In the first blog of this series I described the positioning of Business Logic in CORA 1.0. where business logic is present in several layers and in several elements but with a different perspective and purpose. I showed that a clear definition of business logic is important, to make a proper mapping between the CORA elements and layers. In this blog I use the IPhone example of Wilco and Maarten (Part I and Part II) to discuss this further, but first I want to elaborate on the way the CORA model is used in this example.
CORA model dimensions
The CORA model is designed to be used as a layered model for an IT landscape AND/OR for a system. So if we look at an IPhone application, we can not only use CORA to position the IPhone application on the IT Landscape (e.g. in the Channel layer) but also to position it on the application/IPhone itself!
In the figure in the blog of Wilco and Maarten I see both dimensions in one view. This could be splitted first and then shown as two different CORA mappings (IT landscape, System) next to each other with a communication line between. So in the first (IT landscape/CORA) view the IPhone is positioned onto the Channel layer within the IT landscape where Channels are only positioned and described to facilitate the information flow between a stakeholder and the IT landscape. In the second (application/CORA) view the IPhone is positioned on several layers depending on the architecture of the application itself.
The application has at least a Presentation Layer, Application Layer, and Data Layer and is using an Integration Layer (to the outside world) probably provided by an IPhone Operating System integration component. It can also only be a Presentation Layer which calls business logic services somewhere else by using the Integration Layer on the IPhone.
Now let’s take a look at the IPhone example to see where the business logic is positioned. In the example they want to create a relationship between recipe ingredients and actual products in stock, and combine allergy information on personal basis. Both the recipes and the product information are systems in the Application Layer, so that is good. But the recipes could also come from an external service, which is integrated in the Integration layer. The allergy information is stored on the Iphone.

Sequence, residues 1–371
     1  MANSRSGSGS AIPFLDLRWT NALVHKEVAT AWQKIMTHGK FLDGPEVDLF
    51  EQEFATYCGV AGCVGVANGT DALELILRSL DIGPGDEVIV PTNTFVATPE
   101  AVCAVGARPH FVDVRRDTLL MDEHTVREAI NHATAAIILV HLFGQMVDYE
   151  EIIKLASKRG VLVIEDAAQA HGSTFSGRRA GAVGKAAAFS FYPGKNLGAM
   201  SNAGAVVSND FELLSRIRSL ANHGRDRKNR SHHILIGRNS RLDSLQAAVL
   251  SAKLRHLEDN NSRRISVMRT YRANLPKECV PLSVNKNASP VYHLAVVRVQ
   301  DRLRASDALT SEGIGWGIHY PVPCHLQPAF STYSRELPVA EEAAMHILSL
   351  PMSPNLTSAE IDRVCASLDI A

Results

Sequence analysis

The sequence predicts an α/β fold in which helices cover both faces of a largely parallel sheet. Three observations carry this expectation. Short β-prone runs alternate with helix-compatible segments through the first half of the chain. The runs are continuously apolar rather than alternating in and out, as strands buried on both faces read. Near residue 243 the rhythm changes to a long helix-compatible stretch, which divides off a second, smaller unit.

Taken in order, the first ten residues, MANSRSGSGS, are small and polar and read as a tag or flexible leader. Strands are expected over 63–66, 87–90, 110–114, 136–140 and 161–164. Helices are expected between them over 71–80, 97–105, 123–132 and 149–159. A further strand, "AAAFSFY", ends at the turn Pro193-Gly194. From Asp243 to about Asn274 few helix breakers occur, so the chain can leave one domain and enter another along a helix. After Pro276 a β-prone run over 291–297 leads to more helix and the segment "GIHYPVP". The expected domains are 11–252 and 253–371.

A huge challenge in this scenario is the mapping between these three types of information. Do the recipe ingredients match with the product information? How is the allergy information linked to the products and ingredients (or only to one?). Usually there are two options:
- create and maintain the relationship, this will create a new ‘Make’ application and database. Although it introduces integration of updates from the source systems to this new application, it is not recommended to store this information within one of the source systems because of dependencies;
- use of industry standards. If there is a standard on product identifiers which is used in SAP, the recipes and with allergy information, the chances would be much higher to not have to develop a separate relationship store.
Two other subjects I like to mention:
- It is no problem for a supermarket to manage 20K products. Most large supermarkets do this, and have an actual overview of products in stock. The challenge would be to build a platform to provide this data to many many users…
- The authors describe that ‘there is nothing SOA about this scenario’. I do not agree about that. SOA is an architectural style to identify elementary IT functionality, separation of concerns, separation of layers, using standard protocols (vendor neutral), etc. A SOA does not have to be implemented with an Enterprise Service Bus! From a solution perspective, this solution is full of SOA.
- One of the aims of CORA 2.0 is to include the business and social networks in the Cloud. This service, providing mappings between recipes and a product stock system, could also be provided by a Cloud service. This service could be run for many different supermarkets.
I hope this starts a further discussion.
About the author
Joost van der Vlies is one of the co-authors of the CORA Model. He is working at Hewlett Packard in Shanghai, China. The views of this blog are his own and are not related to his employer or its affiliates.